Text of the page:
I’ve been working on my anger for the last eight or nine years. Maybe more. And I’ve come to realize that while it’s perfectly human and everyone’s God-given right to feel angry, it’s a different thing entirely to be angry. Being angry affects everyone around you. Being angry is acting out, yelling, breaking things, diverting onto someone or something else. It’s not healthy and it doesn’t help our situation in any way.
Feeling angry is just that – feeling it. Repressing it is bad because it only builds up and then, one day, we buckle or explode under its pressure. Feeling it, owning that emotion, lets us adjust and move on. Knowing how to do it without being angry is something that takes time.
- Distance yourself from the source of your anger. Sometimes you only need ten seconds to recollect your composure, sometimes you need a day (or two). It depends on the situation.
- Talk it out with a 3rd party. Doing this can help you hear yourself with a clearer mind and realize whether or not your anger is misplaced or an over-reaction.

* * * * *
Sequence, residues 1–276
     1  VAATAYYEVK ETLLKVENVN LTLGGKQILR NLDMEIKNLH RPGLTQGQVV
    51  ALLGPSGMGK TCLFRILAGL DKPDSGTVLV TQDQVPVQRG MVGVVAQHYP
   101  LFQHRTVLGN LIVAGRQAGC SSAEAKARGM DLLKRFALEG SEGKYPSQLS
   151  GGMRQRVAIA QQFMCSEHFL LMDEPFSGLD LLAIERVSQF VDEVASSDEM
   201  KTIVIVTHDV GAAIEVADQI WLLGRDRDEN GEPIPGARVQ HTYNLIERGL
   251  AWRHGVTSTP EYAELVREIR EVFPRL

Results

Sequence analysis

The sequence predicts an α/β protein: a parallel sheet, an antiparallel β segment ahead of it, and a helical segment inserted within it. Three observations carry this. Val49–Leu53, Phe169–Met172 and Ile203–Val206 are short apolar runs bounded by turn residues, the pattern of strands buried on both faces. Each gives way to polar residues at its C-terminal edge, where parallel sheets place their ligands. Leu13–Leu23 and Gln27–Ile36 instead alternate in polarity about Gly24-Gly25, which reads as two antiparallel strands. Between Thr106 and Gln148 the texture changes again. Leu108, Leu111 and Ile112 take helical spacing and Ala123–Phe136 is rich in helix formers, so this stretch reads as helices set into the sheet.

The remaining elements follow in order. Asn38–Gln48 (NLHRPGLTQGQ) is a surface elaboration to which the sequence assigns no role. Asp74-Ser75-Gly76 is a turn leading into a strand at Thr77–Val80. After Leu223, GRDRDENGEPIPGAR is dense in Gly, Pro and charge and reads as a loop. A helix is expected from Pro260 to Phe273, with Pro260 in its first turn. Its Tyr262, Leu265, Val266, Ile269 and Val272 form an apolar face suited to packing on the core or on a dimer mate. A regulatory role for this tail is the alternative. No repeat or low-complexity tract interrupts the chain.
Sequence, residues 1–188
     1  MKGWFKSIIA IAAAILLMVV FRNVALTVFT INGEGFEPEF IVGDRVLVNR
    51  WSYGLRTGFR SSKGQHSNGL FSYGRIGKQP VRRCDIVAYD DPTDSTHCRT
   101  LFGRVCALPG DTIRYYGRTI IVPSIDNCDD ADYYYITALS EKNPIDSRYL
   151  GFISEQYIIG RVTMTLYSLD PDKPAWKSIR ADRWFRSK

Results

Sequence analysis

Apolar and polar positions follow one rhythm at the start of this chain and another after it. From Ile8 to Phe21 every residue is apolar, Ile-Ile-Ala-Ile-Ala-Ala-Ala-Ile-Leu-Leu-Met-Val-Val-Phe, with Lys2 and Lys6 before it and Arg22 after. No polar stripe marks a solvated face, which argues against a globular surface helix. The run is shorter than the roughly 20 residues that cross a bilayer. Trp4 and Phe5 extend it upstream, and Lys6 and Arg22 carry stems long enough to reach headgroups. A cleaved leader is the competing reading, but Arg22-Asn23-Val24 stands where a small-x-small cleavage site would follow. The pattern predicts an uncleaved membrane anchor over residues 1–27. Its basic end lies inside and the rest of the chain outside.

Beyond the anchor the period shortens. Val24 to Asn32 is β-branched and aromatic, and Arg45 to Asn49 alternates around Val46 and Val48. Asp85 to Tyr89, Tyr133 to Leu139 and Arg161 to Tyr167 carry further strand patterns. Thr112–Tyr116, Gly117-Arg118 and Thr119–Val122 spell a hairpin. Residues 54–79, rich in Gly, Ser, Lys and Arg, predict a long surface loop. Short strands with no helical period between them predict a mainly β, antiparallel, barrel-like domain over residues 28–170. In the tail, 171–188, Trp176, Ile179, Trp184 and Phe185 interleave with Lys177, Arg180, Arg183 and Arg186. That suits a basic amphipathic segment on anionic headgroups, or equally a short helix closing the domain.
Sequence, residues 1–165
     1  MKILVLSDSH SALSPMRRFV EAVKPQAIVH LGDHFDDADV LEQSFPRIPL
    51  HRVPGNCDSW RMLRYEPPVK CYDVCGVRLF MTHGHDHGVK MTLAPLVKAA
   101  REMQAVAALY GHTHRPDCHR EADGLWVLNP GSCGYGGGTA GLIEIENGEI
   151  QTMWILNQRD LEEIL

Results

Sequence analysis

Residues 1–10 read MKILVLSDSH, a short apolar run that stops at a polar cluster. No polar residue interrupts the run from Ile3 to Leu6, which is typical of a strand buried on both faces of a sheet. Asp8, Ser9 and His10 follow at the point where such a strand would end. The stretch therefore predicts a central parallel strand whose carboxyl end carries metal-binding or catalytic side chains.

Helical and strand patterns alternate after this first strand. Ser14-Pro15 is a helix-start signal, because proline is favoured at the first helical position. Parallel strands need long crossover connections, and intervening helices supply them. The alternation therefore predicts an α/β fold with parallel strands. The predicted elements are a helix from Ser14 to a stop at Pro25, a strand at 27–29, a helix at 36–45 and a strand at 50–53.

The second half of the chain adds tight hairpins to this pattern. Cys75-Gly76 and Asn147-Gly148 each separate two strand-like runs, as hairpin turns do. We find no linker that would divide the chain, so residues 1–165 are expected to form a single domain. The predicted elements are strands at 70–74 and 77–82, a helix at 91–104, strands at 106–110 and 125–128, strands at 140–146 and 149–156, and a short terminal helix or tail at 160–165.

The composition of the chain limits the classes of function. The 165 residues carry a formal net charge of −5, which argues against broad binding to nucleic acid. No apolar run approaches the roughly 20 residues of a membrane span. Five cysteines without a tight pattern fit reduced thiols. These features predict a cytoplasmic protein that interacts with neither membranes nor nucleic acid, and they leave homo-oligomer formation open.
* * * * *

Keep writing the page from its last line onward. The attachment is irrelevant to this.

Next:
- Write it out. Whether you choose to write or talk, getting it out of you is what’s really important. Don’t keep it in. It’ll only sneak up on you and cause more problems down the road.
- Think about the pain you put on someone else. This usually zaps the rage right out of me.
When I look back over my life and all the struggles I’ve faced, I see the breakdowns followed by breakthroughs. I am who I am today because life got ugly every so often. So I’ll take this one. I lost my cool and hurt the people I love with a harsh tone and accusatory words, but the important thing is that I recognized it. I saw it for what it was and owned it. The other important thing, of course, is that I apologized to each of them. I need my boys to know it’s okay to feel angry, but it’s not okay to lash out at people with that anger. The next time I start to feel angry, I’ll respond slower. It won’t boil over like an unwatched pot. I’ll remember that moment.
Though the breakdowns are ugly, the breakthroughs that follow are priceless.